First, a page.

Experts warn against stocks that can’t be valued and CD returns of 0%. But, where’s the alternative advice? - April 29, 2009

Not surprisingly, financial journalists are correctly pointing out the weaknesses of typical investments like public stocks, CDs and interest-bearing bank accounts. As The Motley Fool observed in “The Case Against Stocks,” today’s unusual market circumstances make it nearly impossible to evaluate a stock’s value. And, as public radio’s Marketplace program noted, investors looking to stash cash safely in banks must accept interest rates as low as .05% (or virtually no return at all!).

Good observations.  What’s frustrating, though, is that the financial press almost never explores useful alternatives to these two extremes.  The best the Fool comes up with is to advise investors to diversify with an index fund — even though the typical index mutual fund lost more than 33% of its value in 2008 (per Morningstar). Marketplace offers even less:  just an anxious warning that near-zero interest rates might prompt the same sort of reckless risk-taking that helped create the financial crisis late last year.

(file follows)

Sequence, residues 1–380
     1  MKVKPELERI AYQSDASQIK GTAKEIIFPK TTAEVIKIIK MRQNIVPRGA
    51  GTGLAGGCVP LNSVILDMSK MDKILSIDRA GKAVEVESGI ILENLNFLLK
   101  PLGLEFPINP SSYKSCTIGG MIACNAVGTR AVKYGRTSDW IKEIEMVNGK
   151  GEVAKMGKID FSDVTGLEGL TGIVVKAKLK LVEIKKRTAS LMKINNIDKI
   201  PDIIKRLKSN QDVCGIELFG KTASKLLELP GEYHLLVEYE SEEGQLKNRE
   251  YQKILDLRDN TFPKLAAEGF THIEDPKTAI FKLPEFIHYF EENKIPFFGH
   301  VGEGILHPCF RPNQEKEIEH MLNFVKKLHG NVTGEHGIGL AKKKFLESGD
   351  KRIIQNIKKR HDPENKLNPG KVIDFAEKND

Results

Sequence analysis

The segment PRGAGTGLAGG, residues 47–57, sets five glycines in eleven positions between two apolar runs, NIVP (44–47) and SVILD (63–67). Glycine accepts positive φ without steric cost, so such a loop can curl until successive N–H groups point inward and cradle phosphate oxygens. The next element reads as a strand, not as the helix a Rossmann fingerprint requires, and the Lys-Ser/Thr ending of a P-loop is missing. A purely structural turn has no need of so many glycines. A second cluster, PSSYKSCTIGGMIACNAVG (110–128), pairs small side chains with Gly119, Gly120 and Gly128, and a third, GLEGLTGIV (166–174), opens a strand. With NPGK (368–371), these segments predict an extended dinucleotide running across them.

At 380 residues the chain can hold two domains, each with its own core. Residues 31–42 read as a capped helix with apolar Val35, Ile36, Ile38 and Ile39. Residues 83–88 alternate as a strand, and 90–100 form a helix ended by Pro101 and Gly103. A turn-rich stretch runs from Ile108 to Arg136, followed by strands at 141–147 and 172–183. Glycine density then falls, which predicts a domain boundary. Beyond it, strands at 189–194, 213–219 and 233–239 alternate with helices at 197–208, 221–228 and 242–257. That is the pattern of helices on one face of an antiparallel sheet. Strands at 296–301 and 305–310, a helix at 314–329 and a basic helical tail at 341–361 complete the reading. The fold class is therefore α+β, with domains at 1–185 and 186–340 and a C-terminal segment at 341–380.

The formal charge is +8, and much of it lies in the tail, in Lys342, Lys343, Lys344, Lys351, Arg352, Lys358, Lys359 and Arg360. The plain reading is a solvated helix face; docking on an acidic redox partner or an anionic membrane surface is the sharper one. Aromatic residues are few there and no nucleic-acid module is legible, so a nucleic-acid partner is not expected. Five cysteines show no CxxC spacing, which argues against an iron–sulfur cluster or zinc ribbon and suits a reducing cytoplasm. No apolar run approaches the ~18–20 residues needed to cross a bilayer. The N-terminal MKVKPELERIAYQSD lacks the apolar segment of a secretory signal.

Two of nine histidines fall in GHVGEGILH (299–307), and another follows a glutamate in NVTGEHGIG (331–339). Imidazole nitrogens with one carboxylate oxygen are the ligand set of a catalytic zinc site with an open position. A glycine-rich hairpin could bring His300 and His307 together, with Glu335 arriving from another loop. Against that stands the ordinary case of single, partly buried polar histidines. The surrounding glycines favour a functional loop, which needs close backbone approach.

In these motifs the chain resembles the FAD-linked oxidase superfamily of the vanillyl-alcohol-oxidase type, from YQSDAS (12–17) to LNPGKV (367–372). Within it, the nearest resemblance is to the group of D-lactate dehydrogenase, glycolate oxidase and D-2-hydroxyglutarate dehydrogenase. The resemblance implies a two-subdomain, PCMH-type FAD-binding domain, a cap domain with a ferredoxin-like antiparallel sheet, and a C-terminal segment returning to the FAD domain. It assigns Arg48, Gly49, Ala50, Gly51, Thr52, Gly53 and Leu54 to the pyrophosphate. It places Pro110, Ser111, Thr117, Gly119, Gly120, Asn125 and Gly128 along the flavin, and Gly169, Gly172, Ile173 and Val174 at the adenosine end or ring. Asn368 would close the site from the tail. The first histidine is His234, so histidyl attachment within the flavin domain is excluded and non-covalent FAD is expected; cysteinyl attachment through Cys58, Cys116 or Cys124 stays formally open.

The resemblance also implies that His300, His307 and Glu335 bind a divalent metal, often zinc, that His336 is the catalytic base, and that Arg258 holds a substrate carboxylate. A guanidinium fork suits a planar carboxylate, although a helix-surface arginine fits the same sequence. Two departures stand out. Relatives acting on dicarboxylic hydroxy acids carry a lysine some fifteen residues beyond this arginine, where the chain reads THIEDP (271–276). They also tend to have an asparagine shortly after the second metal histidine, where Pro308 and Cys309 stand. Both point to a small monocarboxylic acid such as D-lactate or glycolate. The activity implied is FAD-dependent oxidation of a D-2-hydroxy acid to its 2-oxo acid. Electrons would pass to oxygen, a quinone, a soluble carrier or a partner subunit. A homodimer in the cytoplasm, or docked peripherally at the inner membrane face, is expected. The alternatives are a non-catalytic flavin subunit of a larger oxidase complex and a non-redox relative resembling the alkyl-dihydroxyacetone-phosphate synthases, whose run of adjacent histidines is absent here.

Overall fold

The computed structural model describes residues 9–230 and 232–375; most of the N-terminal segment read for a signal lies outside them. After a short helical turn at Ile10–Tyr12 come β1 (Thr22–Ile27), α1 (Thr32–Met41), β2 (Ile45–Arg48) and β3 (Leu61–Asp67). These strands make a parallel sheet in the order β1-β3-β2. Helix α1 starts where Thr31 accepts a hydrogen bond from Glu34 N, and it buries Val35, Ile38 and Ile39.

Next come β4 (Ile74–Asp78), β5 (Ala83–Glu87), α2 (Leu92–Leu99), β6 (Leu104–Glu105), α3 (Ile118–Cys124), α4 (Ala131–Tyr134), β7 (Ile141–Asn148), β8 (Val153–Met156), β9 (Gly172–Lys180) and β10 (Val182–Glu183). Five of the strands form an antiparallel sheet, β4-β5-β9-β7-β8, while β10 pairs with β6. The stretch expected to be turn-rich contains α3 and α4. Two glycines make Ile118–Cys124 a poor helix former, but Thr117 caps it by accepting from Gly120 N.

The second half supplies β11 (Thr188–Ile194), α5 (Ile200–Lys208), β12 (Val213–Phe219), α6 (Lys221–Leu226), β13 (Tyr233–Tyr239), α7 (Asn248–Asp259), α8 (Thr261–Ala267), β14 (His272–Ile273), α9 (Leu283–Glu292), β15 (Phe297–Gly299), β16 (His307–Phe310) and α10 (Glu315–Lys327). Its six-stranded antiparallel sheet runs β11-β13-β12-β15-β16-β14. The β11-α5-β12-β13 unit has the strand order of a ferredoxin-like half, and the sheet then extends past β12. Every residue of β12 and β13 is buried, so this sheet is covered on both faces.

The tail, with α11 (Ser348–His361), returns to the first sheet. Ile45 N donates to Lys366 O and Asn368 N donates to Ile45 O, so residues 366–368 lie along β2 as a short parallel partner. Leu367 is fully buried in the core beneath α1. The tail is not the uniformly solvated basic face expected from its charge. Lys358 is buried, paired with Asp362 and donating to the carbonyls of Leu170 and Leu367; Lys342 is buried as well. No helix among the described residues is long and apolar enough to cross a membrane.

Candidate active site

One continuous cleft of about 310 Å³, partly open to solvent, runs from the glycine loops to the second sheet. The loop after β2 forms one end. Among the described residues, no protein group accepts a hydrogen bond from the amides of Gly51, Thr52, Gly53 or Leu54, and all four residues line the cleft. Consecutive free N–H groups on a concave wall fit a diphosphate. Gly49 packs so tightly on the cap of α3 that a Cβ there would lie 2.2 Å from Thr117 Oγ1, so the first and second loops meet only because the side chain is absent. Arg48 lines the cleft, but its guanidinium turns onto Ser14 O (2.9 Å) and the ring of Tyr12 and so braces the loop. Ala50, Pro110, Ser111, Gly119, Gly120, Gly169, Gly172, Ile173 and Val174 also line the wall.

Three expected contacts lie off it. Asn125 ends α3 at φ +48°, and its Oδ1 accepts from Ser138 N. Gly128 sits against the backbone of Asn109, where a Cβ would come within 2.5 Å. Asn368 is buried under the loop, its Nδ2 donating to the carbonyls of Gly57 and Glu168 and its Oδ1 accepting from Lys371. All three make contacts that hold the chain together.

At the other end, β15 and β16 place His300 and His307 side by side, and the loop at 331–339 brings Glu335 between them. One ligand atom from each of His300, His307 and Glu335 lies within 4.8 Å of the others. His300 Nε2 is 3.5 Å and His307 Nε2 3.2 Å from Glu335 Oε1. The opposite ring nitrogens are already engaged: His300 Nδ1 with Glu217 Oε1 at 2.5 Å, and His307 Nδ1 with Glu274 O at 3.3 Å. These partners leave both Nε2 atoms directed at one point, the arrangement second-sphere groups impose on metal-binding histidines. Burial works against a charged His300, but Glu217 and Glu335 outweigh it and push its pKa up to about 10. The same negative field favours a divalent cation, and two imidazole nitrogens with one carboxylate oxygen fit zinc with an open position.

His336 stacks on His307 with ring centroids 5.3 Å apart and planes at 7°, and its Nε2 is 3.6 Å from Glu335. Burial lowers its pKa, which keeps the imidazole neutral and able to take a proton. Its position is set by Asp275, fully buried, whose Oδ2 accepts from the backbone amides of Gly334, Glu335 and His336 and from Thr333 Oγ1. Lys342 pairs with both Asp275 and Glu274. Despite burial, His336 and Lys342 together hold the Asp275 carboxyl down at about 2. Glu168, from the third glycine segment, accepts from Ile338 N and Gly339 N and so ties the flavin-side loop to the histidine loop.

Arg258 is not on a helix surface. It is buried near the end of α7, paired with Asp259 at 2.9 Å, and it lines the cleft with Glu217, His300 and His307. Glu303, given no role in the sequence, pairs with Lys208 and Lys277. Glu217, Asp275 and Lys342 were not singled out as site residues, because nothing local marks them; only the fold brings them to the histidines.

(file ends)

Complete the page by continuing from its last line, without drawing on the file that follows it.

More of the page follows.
Despite the financial media’s almost exclusive focus on retail investment products, there are good alternatives to these two choices.  And, contrary to how they’re often portrayed in the mainstream financial press, “alternative” investments aren’t necessarily esoteric, high risk, or only for the very rich.

In fact, a trend is brewing among mainstream investors towards self-directed retirement investing — driven by the desire of increasingly savvy (and frustrated) investors to achieve real diversification beyond the public markets.  They’re signing up with IRA custodians like PENSCO Trust and Equity Trust that allow truly self-directed IRA investing.  This step allows them to invest their retirement dollars into alternatives like secured notes (like we offer at Sterling Pacific Financial), income-producing real estate, private company stock, even raw land and commodities.  Many of these investments are much easier to understand than investing in a portfolio of public securities — and, at a minimum, when purchased alongside public stocks, they add diversification that can help protect a portfolio against broad market downturns and corrections.

Despite the lack of attention in the financial media, these alternatives are getting more attention from financial advisers, as they seek ways to help their clients rebuild.  And, in our view, that can only be a good thing!

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